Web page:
There are some companies in the land-clearing business doing pipeline work that are using Peterson Pacific Corp.’s drum chippers, Spreadbury says.
“We make a tracked and a wheel version of the drum chipper, the 4300 and 4310,” he says. “If they were doing a pipeline job and were cutting a 100-foot wide section of forest out to do a pipeline job, they need something where they can quickly process the material and move on.
“For trees, they can quickly run through that material and blow it onto the edge of the forest. That’s very quick and efficient. However, it won’t do stumps. You have to have something else to handle that. The horizontal grinders are the best bet for doing basic ground clearing.”
Ground material or chip material can be run through one of the Peterson Pacific Corp.’s blower trucks.
“They can blow that material—especially a mulch—into an expandable sock,” Spreadbury says. “Filtrexx is a company that we would typically work with, and that sock can come in sizes from 1 foot to 3 feet in diameter. They’ll fill that material and use it for erosion control.”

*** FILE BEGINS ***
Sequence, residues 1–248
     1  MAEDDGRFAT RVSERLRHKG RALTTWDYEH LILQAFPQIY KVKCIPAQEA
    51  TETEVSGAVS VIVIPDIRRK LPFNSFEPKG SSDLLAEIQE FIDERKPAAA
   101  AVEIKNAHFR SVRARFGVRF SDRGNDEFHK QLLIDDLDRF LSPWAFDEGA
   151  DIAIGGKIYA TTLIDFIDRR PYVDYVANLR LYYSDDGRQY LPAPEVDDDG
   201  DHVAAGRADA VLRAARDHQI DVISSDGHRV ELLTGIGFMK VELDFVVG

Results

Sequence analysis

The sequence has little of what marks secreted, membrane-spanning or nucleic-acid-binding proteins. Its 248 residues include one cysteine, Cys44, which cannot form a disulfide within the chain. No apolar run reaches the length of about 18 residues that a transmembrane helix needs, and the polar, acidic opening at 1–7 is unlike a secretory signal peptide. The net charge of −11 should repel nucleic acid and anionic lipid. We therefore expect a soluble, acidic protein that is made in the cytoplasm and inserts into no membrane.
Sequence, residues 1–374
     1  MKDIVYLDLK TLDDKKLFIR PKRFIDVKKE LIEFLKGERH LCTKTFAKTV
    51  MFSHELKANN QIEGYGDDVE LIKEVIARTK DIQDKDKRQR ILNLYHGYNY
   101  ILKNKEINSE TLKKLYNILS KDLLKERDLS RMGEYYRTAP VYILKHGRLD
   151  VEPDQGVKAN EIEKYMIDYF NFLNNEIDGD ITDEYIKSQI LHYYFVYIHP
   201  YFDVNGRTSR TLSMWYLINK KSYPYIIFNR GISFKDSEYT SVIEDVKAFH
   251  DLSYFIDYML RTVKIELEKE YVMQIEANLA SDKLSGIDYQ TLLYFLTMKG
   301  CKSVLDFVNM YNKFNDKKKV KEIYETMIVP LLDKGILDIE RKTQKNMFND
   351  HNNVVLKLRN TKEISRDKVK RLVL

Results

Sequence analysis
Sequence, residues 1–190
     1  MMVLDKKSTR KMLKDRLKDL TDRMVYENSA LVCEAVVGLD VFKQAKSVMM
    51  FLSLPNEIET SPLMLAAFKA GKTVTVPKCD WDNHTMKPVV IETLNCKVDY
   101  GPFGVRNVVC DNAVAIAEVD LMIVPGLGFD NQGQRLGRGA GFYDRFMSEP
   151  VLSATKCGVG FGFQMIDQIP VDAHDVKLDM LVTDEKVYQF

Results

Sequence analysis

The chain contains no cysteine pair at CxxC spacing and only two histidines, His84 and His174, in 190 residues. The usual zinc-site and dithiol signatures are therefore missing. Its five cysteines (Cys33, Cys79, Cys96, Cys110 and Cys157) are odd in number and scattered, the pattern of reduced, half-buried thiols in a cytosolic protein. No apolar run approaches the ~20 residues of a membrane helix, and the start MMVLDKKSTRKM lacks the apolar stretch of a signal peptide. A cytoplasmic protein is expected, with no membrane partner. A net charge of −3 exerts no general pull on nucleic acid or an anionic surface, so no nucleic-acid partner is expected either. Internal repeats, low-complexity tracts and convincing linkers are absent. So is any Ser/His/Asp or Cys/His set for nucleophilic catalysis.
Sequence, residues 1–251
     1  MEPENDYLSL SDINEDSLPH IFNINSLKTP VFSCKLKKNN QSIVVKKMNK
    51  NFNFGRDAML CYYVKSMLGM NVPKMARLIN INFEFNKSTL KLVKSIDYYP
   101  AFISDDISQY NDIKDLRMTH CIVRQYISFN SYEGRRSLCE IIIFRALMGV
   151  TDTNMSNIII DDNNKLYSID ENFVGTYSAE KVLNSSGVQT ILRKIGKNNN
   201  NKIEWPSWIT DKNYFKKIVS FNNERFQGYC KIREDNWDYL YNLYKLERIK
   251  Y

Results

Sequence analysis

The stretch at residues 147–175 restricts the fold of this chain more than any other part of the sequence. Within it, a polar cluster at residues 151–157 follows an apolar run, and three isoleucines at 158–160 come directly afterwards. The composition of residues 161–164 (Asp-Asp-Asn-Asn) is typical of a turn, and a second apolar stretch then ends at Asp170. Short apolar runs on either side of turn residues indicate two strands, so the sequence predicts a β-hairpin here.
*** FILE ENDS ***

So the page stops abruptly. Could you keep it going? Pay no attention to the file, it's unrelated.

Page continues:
Peterson Pacific Corp. is supportive of onsite waste processing for onsite use, Spreadbury says.
“Anytime you’ve got to handle it or truck it or move it, it’s going to cost you money,” he points out. “Our philosophy is that it’s cheaper to move the machine on the site, especially if you have a tracked version that you can move from pile to pile. You can quickly process it even if you’re putting it down on the ground. It’s a green solution without having to incur the additional expense of handling that material two or three times.”
Breaking Boulders Into Bite-Size Chunks
Lee Horton, president of Leading Edge Attachments, says his company’s Multi-Ripper Bucket and High-Cap Multi-Ripper bucket allows contractors to rip rock, frost, coral, or stumps.
“It breaks it into smaller chunks versus having to, in some cases, break up big rocks or pry up boulders,” he says. “If there is a big boulder in the ground, you can rip it apart for the most part. It allows you to get down to workable-size pieces instead of having to pry out a big slab and try to load them in the truck.”